Tuesday, January 23, 2007

I'm too angry to post about this at the moment. Interaction with a detective / PAT Police at public hearing.

A women came to me while I sat in the front row of the 3rd public hearing hosted by PAT about its looming service cuts. I had testified a few moments ago. The place was packed, but they were running ahead of the slated agenda time. I spoke quickly about the Octopus Card. These electronic bus passes would provide PAT with much better data on trip "segments." Better access to data would lead to better decisions on routes and price adjustment options. (More later.)

This women comes to my side. "I'm from Achieva," she said. "Could you come with me?"

Well, okay. I packed my coat, briefcase and camera. I had heard about 10 folks give their rants. Its is all 'rip your heart out' insights, as Steve Bland was quoted in the radio news today about yesterday's experience. As a speaker ended, I moved from my seat to the back of the room. She wants me moving faster, and then wants me to move with her out of the room and down the hall and away from everyone else.

"No way. I'm not going into some private room with you, woman. What is it you'd like from me?"

She insists, but I'm just outside the door to the main room, and I'm not moving. Then she shows me her badge attached to her belt. She idenitifies herself, now, as a police officer.

Fine. Now that I know you are a police officer, and not working for Achieva, a nonprofit agency that owns the building where the hearing is hosted and does wonderful work with special needs populations -- I'm still not going down that hallway and leaving this public gathering.

You can whisper what you'd like to tell me now.

She says, "We were talking, and my camera is making people uncomfortable."


"Yes, I've got my I.D," I tell her. I easily offer my name, address, a peek at my check-book that was handy in my back pocket. "No, you don't need to see my drivers license. No, you don't need my social security number either, for your report."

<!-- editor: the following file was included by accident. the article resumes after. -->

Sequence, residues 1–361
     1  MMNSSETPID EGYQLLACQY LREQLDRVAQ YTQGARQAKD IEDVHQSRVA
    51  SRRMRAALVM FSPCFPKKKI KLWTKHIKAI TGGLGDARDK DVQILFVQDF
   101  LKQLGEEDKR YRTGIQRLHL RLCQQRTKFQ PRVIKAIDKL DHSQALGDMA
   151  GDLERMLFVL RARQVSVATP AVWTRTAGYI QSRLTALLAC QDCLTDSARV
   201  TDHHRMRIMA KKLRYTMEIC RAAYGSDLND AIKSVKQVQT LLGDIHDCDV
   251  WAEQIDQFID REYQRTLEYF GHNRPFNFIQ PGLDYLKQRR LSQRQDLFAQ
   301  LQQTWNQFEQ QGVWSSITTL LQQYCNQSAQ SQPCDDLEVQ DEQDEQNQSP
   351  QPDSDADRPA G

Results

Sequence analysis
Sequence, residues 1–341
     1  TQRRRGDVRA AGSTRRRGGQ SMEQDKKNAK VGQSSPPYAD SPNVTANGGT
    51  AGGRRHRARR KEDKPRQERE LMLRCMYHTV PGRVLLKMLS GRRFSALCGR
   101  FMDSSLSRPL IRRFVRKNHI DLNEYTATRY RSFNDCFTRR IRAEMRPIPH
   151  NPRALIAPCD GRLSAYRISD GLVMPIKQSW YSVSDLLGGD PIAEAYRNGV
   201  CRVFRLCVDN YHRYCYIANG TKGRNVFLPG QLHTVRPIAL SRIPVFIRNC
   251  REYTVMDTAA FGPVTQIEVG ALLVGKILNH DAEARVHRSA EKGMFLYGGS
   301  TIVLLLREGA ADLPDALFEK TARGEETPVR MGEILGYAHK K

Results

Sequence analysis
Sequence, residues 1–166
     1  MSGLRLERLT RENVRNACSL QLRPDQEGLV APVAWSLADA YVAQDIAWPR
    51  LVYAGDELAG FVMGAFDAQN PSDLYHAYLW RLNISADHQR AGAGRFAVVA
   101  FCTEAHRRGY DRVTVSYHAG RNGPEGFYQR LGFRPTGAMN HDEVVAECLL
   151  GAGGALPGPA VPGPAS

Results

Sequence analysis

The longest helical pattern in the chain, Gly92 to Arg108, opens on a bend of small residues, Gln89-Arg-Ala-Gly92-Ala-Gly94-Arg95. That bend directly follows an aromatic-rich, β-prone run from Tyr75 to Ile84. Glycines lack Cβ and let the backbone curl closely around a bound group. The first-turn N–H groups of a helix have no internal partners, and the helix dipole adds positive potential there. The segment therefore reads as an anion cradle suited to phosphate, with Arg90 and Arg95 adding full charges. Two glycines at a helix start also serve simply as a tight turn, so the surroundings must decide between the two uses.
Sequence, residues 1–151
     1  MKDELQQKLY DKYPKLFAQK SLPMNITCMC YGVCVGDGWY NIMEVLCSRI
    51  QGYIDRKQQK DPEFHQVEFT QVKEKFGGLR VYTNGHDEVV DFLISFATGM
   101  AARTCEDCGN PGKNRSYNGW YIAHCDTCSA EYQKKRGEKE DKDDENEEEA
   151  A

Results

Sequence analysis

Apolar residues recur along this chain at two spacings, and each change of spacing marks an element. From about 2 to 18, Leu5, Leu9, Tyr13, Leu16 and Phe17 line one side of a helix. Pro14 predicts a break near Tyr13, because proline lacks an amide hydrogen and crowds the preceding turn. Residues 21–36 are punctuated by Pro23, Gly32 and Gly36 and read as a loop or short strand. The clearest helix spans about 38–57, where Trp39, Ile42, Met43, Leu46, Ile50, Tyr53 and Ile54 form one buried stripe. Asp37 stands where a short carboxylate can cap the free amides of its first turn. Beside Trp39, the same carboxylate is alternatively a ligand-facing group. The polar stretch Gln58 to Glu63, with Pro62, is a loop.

I stay cool, but puzzled and say I'll keep my camera in my bag and go back into the meeting. Clearly, she doesn't want any video of the meeting.

I let uon the I think it must be Steve Bland, PAT's CEO, that has become uncomfortable. PAT is a public agency. The detective grunted.

I wish I had the camera running when I went back into the room for an additional 20-minutes or so. PA's Auditor General, Jack Wagner, showed up at the meeting. And, I wish I had the pep talk presentation from Ken Z, the dude who is yacking at every hearing from the transportation committee of the Allegheny Conference. Oh well.

At City Council's meeting today, also at 10 am, I had just talked about cameras. (More on this blog about that later.)

I've got another meeting on "red light cameras" to attend at 1:30 today.

For the fourth meeting today, there isn't any public coverage concerning the 2 pm meeting at 200 Ross Street about the South Side Bar Bill, in City Planning.

The PAT public forum today was packed, just like the prior two hearings. Bring your camera if you dare.

Gotta run, and do a cool down. Her name is Kerr, and she works for the PAT Police. And, I don't want to read about this in some Yapper blog in two years. For what its worth, I wasn't handcuffed.

(First posted at 1:15 pm.)


Mark Rauterkus said...

PittsburghJack asked:

Tell the truth: Were you handcuffed?



(Can't edit the blog easily today. So I did a cut-and-paste into a new posting.)

Mark Rauterkus said...

I saw Bob Grove, PAT's media relations guy, at the public hearing #2 in Oakland. He didn't have an extra press kit to share with me.